From May 23 through July 1 on the campus of Virginia Wesleyan University, there will be a Marine Science Summer Program for any student majoring in Biology, Marine Biology, Earth and Environmental Science/Studies or General Science.
The six-week program offers different credit courses such as BIO 319 Field Studies in Coastal Marine Environments, EES 200 Oceanography, BIO 489 Undergraduate Research and PE 145 Beginning Scuba Diving. The inaugural program will be led by Professor of Marine Biology and Supervisor of the Greer Center Aquatics Lab and Ocean Explorer, Dr. Soraya Bartol.
In the Coastal Marine Environments class, students will be able to pair ecological principles with field observations and data collection to understand the coastal environment through lectures, primary literature discussions and field trips. The Oceanography course, which has daily morning class lectures followed by afternoon laboratory and field excursions, explores the geology of the ocean basins and the physical and chemical nature of seawater. The Undergraduate Research course offers students the opportunity to conduct original scientific research in an area of marine biology. The last class in the program, Scuba Diving, offers students to be able to get certified in open water scuba diving and learn how to dive.
On the VWU website, the program’s mission said, “The Marine Science Summer Program at Virginia Wesleyan University (VWU) will engage students in scientific discovery through exposure to marine ecosystems and their organismal inhabitants, providing them with a better understanding of current marine issues on a local and global scale.” Students may apply for the course on the VWU website.
Dr. Bartol will be leading the Science Program for the first time this summer.
When asked about the purpose of the summer program, Dr. Bartol said, “We hope to engage students in scientific discovery through exposure to marine ecosystems and their organismal inhabitants and to provide students with a better understanding of current marine issues on a local and global scale.”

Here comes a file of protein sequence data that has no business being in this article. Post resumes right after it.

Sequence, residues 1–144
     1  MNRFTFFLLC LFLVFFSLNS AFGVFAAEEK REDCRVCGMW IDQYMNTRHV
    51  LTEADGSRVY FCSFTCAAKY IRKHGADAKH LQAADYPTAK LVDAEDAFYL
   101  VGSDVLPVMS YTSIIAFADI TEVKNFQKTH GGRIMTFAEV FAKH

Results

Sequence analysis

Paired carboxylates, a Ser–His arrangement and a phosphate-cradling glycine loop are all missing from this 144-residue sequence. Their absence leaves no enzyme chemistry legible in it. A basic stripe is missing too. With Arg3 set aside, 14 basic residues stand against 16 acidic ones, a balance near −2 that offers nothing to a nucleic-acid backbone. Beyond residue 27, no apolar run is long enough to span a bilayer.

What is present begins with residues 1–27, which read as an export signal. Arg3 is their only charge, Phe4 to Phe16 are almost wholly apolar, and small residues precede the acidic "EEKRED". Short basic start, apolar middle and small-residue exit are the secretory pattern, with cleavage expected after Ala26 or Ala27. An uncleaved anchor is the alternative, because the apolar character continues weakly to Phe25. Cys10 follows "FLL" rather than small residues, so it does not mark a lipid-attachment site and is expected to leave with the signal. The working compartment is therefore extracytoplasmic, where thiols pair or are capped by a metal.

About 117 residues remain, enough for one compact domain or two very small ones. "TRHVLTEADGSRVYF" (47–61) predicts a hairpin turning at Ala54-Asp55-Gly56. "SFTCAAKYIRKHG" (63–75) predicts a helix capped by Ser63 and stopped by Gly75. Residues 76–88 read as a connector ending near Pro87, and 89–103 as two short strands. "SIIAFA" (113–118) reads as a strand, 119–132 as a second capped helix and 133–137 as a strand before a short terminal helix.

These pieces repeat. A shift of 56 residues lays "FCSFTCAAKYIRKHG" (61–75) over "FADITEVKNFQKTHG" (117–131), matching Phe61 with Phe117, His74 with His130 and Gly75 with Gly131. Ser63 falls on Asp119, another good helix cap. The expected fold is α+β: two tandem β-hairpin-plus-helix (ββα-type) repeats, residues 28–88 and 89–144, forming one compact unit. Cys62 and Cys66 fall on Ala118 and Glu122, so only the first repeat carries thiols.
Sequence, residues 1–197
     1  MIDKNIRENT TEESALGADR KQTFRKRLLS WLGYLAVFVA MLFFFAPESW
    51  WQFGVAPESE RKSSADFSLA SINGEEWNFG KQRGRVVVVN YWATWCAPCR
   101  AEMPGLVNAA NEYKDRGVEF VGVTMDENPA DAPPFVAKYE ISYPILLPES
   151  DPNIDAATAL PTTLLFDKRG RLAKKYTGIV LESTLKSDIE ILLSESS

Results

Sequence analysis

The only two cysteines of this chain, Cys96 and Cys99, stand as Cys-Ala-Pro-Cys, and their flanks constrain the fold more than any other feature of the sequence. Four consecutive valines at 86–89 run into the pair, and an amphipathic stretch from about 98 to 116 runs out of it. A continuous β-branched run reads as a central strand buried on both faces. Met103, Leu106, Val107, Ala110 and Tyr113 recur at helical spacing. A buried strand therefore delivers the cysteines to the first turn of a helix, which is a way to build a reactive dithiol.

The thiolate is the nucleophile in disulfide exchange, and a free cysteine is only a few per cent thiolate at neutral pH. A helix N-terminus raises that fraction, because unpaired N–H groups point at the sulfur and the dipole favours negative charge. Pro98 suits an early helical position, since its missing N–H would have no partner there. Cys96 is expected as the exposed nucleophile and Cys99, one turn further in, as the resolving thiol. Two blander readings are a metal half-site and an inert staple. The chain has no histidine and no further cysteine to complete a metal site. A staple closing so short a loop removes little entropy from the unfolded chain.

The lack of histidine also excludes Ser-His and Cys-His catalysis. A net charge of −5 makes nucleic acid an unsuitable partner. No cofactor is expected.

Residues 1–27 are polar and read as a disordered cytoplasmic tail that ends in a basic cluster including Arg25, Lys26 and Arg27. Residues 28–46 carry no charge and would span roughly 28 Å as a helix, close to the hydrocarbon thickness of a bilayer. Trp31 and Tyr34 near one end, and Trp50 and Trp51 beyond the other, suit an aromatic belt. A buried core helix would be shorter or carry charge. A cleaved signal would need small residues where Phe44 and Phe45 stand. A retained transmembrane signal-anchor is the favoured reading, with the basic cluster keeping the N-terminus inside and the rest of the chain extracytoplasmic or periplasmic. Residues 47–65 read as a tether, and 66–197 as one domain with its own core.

When Dr. Bartol was asked about what experience students would earn from the program, she said, “In my course, BIO 319 Field Studies in Coastal Environments, students will spend much of the day in the field, learning while doing… for example, we will be going out in the VWU Ocean Explorer, a 40 ft research vessel, to photo identify bottlenose dolphin pods, travel to Wachapreague, Va., to pull a trawl net in coastal salt marshes and explore the dunes of Back Bay National Wildlife Refuge.”
When asked about what sea organisms Dr. Bartol is looking forward to most in the program, she said, “My favorite animal is actually the sea turtle, in particular, the loggerhead sea turtle (Caretta caretta). Loggerheads migrate to the Chesapeake Bay each summer by the thousands as juveniles to feed on benthic crabs, making the Chesapeake Bay an important nursery ground for this threatened species.”
For those who would like to join the program and “Explore the Chesapeake Bay and Atlantic Ocean aboard the Ocean Explorer,” as the information posters say, you can learn more about it on the VWU website or you can contact Dr. Bartol for more information. The total cost of the 11-credit program with on-campus housing is $5,831. This is a sizable discount from the standard per credit hour rate of $1,500.
By Joseph Cooper